Why United's devaluation changes everything (and why Delta's didn't)

By now you've undoubtedly heard about United's overnight announcement of a major award chart devaluation. Here's a roundup from around the web:

I think this is more than a devaluation, making it that much harder to earn enough miles for premium cabin award tickets: it calls for a paradigm shift.

The traditional view in the frequent flyer community is that US-based airline programs have some advantages over their foreign counterparts. The most important of those advantages is that US airlines don't typically charge fuel surcharges on award tickets booked on their own flights, and often don't pass along their partners' fuel surcharges.

Delta's August devaluation announcement was treated with disgust by those who were already frustrated with Delta's non-functional online award booking tool. But while there's no such thing as a "good" devaluation, that devaluation is offset in part by the fact that Delta miles remain among the easiest to earn, since Gold Medallions and higher earn 100% bonus miles on paid flights and the American Express Delta Platinum and Reserve cards earn 1.4 and 1.5 miles per dollar, respectively, at their annual bonus thresholds. Most importantly, Delta left untouched the basic deal between frequent flyer programs and their members: you can redeem your miles for "aspirational" awards in premium cabins anywhere their partner airlines fly.

United's award chart devaluation breaks that deal with their customers. The problem with United's award chart devaluation is that the "partner" award chart is activated when any one of your flights is on a partner airline, even if United doesn't fly to your ultimate destination . Lucky elucidates this point nicely.

So far bloggers have been thinking about the devaluation from the point of view of a person trying to redeem United miles. But if you take one step back, you can see the consequences are actually much further reaching than that.

Let's say I'm trying to redeem my flexible Ultimate Rewards points for a round-trip, business class ticket between Boston and Prague.  Since I can redeem United miles on their partner airlines, in this case Lufthansa, at the same mileage cost as on United metal, using the current award chart I'll pay 100,000 United miles and $97 in taxes and fees. After February 1, when the new partner award chart takes effect, that'll increase to 140,000 United miles (let's assume the taxes and fees stay the same for now).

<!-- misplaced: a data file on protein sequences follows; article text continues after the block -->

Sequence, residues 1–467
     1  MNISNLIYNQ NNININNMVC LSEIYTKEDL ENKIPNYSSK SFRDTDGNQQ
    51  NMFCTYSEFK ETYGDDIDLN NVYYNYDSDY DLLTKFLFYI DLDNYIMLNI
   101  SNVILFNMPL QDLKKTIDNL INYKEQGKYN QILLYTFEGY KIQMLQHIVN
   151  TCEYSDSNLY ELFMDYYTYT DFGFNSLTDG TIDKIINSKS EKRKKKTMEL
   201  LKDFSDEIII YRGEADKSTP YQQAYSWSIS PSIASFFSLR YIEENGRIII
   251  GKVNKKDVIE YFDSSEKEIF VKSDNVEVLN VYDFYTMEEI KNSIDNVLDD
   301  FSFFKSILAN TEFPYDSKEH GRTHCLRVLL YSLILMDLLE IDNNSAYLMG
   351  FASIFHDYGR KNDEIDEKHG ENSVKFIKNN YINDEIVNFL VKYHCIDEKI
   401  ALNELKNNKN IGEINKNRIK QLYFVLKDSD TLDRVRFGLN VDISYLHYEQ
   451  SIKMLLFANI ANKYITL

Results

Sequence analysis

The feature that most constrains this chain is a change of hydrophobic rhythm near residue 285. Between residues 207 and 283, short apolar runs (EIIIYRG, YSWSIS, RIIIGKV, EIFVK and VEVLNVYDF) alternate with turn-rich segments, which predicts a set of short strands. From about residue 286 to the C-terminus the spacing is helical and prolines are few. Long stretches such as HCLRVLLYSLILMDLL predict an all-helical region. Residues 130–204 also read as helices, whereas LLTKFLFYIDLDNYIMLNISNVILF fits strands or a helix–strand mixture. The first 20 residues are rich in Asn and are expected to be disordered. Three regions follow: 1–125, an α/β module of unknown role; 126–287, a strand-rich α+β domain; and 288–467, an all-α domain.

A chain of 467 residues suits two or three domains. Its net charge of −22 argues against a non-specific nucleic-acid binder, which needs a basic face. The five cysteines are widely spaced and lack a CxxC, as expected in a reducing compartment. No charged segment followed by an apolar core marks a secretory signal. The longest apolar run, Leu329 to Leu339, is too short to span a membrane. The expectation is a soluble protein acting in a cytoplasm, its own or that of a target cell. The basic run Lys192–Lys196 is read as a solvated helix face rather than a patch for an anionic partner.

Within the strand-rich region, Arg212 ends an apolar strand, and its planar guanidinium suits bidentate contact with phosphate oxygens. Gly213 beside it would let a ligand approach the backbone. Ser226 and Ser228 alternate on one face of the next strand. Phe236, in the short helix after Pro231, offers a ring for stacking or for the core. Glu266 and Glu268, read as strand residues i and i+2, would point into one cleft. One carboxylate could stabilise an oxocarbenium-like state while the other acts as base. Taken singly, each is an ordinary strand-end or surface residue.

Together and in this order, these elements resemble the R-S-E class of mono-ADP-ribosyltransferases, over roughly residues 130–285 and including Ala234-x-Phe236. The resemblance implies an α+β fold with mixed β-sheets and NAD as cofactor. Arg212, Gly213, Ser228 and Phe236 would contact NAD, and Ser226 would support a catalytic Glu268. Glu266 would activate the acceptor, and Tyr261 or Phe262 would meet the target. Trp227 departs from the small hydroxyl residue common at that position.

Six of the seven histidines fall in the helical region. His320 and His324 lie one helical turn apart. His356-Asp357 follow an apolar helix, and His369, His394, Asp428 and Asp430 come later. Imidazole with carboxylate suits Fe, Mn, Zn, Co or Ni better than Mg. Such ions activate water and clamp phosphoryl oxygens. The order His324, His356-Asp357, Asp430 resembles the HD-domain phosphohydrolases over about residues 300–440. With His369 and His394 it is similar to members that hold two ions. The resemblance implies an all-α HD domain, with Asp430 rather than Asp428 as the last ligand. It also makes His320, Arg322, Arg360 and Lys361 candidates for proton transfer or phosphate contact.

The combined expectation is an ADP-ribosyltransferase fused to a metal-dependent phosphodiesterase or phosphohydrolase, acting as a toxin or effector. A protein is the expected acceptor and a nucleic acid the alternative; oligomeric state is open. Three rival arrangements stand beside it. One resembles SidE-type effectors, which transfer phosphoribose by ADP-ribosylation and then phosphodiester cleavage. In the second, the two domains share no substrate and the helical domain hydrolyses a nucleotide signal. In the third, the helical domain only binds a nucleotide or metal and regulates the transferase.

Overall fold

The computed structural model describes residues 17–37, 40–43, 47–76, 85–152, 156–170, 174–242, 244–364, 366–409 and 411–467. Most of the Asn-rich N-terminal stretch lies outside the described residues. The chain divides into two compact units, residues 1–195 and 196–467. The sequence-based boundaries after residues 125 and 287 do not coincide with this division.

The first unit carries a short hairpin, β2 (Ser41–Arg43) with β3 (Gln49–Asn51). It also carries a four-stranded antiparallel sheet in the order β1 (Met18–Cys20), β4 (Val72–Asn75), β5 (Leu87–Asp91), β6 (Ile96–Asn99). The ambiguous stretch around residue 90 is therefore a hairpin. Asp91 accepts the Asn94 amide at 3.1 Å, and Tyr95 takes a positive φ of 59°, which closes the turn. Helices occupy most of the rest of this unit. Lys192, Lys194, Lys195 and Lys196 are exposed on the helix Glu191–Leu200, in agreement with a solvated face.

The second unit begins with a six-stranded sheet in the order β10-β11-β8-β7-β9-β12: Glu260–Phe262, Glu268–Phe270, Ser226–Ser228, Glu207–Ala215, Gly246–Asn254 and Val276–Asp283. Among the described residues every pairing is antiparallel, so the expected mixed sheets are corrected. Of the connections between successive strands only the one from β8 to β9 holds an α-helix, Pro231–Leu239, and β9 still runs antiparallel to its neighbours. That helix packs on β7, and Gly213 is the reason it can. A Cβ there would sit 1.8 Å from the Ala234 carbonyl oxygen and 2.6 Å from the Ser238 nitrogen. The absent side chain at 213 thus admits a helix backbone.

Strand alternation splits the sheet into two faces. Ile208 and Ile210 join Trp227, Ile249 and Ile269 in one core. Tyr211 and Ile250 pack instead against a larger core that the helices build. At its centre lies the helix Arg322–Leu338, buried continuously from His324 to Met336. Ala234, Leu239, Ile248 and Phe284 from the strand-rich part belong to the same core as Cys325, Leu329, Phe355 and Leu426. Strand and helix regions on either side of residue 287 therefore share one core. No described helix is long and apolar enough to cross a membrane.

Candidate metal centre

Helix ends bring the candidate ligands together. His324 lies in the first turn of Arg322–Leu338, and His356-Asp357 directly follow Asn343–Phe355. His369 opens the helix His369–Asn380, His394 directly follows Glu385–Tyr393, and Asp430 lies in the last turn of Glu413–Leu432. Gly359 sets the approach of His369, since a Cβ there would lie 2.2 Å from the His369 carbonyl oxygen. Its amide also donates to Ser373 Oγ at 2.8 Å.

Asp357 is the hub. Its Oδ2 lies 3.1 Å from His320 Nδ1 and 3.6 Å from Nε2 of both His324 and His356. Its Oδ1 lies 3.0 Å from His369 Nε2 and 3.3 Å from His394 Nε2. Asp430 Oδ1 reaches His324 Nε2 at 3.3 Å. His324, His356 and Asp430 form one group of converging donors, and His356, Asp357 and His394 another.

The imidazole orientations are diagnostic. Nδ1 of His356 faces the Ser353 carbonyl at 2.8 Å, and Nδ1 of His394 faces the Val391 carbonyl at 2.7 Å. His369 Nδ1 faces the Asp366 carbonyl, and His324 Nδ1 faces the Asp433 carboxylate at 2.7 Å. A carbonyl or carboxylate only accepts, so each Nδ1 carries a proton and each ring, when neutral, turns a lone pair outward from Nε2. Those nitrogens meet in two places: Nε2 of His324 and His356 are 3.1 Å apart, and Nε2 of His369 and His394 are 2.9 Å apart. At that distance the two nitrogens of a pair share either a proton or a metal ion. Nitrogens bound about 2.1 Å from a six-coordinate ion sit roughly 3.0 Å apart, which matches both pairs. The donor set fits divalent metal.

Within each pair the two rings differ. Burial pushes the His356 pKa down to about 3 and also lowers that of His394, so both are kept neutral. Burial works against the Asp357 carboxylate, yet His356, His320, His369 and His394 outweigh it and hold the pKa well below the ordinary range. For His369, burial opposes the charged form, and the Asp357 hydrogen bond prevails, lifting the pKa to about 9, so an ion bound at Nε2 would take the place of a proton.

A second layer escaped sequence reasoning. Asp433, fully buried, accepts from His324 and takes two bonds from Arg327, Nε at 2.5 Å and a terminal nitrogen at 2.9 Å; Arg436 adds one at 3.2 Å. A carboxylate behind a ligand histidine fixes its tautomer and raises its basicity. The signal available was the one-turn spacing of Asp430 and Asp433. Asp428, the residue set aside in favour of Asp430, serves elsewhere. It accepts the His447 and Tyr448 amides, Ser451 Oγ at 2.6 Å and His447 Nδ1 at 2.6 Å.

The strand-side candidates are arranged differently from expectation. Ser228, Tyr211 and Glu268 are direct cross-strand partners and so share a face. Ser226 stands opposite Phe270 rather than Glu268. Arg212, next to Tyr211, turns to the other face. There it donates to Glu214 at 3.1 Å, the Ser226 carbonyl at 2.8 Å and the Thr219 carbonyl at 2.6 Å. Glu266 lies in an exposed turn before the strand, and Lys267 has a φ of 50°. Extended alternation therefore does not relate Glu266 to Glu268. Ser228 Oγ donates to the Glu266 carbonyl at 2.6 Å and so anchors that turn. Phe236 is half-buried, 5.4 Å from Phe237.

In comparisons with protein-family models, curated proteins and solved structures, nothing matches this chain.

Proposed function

With British Airways Avios, also an Ultimate Rewards transfer partner, I'll pay those enormous fuel surcharges you're always hearing about, in this case about $1,028. But I'll pay just 98,000 Avios. That values 42,000 Ultimate Rewards points at $931, or about 2.2 cents each. That's on the high side, but it isn't crazy, for example if you're planning a high-value Hyatt redemption.

Let's take this example one step further.

Under the current United award chart, the Chase British Airways Visa credit card isn't a great value for most people. It comes with 50,000 Avios, which many people use for short-haul American Airlines flights, which cost just 4,500 Avios each way. But the companion pass that you earn after spending $30,000 during the calendar year has the major drawback that you still have to pay the formidable taxes and fees attached to the second award ticket.

Under the new United award chart , the calculus changes completely. Using the example above, where we found that the British Airways award ended up costing about the same as the United partner award when we value Ultimate Rewards points at 2.2 cents each, now when we book a companion ticket for an additional $931 we're saving not 100,000 Ultimate Rewards points, but 140,000. That's like buying Ultimate Rewards points for just 0.67 cents each. Since you can redeem Ultimate Rewards points for cash at 1 cent each, this is a no brainer.

In other words:

  • Two round trip tickets on Lufthansa using United miles: 280,000 miles and $194;
  • Two round trip business class tickets on British Airways: 98,000 miles and $2,056 (plus a $95 annual fee);
  • Cash value of 200,000 Ultimate Rewards points: $2,000.

This is the example that came to mind most readily because British Airways and United are both Ultimate Rewards transfer partners. But I suspect there are a lot more situations like this, where increased redemption costs under the new United award chart – especially in premium cabins – will make it worth paying potentially astronomical fuel surcharges to their rivals.

United is simply abdicating its position as America's most coveted airline currency, and this decision is going to have unforeseen consequences throughout the industry.  What do you think?